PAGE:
There’s a whole psychological element to it. Cameron couldn’t have been seen to be taking it seriously – partly in case people suspected there was some actual truth in it; partly because the press would have used it endlessly as a stick to beat him with it if they saw it got results (other world leaders too, if they ever had cause).
During his time in office, it was was extremely important for Cameron to look as if he could just brush this whole hoo-hah off. No matter how frustrating and humiliating he may have found it, there was simply no way on earth he would be able to sue.
Not while he was PM, at any rate.
No-one could have predicted his exit from Government would be so swift. Certainly not Ashcroft and Oakeshott who, in all likelihood, never anticipated a situation where Cameron would be just an ordinary civvy within a year. But now that he’s out, he’s free to do as he pleases.
Obviously, this isn’t why Cameron chose to quit. But, now that he has quit, would he be able to take action? Would he be able to sue Ashcroft and Oakeshott for spreading the pigfucking rumour.
We asked our lawyer and he told us that the statute of limitation for libel is… would you believe it! One year.
Completely by coincidence, Cameron announced he was leaving Parliament, with immediate effect, exactly 51 weeks after the pigfucking rumour surfaced.
It’s not been reported that Cameron has served Ashcroft and Oakeshott with papers, and the one year window has now closed – but that doesn’t mean that it hasn’t happened. All that’s needed in that year-long window is for Cameron to issue a Claim Form. If he’s done that, then he’s still got another four months before he’d actually have to serve papers – giving him until the end of the year, basically.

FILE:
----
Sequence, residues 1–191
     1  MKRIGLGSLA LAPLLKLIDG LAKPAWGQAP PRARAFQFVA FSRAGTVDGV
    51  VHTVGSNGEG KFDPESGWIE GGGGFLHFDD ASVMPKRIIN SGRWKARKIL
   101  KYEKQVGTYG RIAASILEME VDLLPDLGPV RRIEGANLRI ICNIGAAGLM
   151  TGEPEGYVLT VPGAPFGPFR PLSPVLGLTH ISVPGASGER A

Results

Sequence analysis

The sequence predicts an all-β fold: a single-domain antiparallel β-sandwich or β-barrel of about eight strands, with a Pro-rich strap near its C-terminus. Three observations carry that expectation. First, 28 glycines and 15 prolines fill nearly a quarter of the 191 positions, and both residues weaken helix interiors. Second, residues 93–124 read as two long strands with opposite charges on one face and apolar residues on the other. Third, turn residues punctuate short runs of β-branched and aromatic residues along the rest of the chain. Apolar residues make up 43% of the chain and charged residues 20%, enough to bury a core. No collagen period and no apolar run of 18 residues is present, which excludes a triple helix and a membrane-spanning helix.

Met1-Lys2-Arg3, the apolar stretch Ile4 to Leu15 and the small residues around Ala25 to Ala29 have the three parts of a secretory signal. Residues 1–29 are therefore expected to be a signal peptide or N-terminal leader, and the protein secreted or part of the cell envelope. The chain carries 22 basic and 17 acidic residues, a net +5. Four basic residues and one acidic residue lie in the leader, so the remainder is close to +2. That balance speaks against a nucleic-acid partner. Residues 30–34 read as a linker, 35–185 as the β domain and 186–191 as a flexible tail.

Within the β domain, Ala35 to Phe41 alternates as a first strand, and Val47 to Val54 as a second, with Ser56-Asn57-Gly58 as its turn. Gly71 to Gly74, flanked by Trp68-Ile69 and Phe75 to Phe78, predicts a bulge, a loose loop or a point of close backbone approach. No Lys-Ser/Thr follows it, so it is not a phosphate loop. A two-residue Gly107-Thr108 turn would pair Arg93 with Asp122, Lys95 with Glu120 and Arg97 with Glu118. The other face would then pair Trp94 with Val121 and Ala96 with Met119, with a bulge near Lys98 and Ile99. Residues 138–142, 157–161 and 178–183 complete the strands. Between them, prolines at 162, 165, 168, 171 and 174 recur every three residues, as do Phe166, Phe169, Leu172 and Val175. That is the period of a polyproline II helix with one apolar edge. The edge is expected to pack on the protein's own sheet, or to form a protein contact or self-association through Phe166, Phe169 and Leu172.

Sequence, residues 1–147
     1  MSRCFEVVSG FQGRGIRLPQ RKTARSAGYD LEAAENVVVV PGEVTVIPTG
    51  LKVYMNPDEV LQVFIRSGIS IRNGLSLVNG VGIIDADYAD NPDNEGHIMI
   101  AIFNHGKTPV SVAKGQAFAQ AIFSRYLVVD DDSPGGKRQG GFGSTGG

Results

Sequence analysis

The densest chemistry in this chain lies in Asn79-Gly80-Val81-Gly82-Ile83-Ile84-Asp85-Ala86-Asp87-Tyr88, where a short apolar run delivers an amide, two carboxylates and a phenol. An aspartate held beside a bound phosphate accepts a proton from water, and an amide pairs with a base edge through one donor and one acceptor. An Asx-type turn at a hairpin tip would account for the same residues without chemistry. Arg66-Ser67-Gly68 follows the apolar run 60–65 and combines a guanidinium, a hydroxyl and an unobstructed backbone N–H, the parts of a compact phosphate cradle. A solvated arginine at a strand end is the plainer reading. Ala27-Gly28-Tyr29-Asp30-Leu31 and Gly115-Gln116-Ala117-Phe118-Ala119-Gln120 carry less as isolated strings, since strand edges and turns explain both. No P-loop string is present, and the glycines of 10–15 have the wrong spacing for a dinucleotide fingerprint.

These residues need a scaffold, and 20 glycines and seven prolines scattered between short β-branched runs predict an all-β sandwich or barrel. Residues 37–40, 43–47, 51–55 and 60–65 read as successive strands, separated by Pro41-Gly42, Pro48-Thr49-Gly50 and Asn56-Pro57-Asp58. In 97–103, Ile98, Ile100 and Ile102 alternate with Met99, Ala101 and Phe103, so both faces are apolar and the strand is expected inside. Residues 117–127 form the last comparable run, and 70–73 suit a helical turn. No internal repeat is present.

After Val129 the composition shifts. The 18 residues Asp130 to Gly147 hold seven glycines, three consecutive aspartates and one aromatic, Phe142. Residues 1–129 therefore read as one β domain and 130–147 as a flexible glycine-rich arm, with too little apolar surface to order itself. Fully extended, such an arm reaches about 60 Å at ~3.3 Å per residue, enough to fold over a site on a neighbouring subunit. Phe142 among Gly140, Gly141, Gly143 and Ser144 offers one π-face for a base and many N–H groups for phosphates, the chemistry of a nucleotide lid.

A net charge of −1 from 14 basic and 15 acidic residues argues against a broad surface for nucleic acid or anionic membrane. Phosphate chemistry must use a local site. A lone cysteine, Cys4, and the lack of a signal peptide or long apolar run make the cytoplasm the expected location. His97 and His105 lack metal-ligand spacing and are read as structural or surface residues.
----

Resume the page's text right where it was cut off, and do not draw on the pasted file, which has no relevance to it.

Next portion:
So it is technically possible he has got the wheels in motion without anyone being anyone the wiser. However, our lawyer tells us that a libel suit wouldn’t be an easy task for Cameron to win – for a number of reasons.
1/ He’d need to prove that the allegations caused “serious harm” to his reputation. He could possibly get this to fly as future speaking work in other countries is now more important to him, so a good reputation is paramount – and reporters were hardly modest in their coverage of the incident (political cartoonists in particular didn’t shy away from depicting scenes of interspecies romance).
2/ Ashcroft and Oakeshott were very careful and crafty in their framing of the incident. They didn’t actually allege that Cameron fucked a pig, as so many people were keen to pretend. Their presentation of the story was a little more subtle than that – so it may be hard for anyone to press the charge on them.
3/ Most of Ashcroft’s money is in Belize.
However, Cameron isn’t completely out of luck. If he’s determined to get revenge, there’s still one final trick he has up his sleeve.
Our lawyer suggests that if Cameron really wanted to get Ashcroft over this, his best bet is to pull the Gladstone Family trick.
It’s an old story, dating back to the 20s when a biography of William Gladstone (himself a former Prime Minister) was published. Gossip had always circulated about Gladstone’s dalliances with prostitutes, but the rumours about it weren’t published until nearly 20 years after his death.
Gladstone, being dead, couldn’t do anything about it. Gladstone’s sons tried but they weren’t able to sue Peter Wright for libel on their father’s behalf. Instead, they rather ingeniously turned the situation on its head.
They called Wright out as a liar, which incited Wright to sue Gladstone’s sons for libel against him. It was the perfect trap, for when the case came to trial Wright was required (but unable) to provide satisfactory evidence that all the claims in his book were true – and was consequently battered by the Gladstones’ defence.
If Cameron went both barrels on Ashcroft, impugning his reputation and calling him a liar enough to incite Ashcroft to sue him for libel, then it would fall to Ashcroft to prove that the pig rumour was actually true – something our lawyer suspects Ashcroft might struggle to do convincingly.
Sadly, it’s unlikely that Ashcroft would fall for that sort of trick. Still, even if he can’t win the case in the courts, now that Cameron is out of office he basically has carte blanche to call Lord Ashcroft and Isabel Oakeshott all the names under the sun, from here to eternity – knowing that they probably are in no realistic position to sue either.
Which, as golden handshakes go, is not so bad.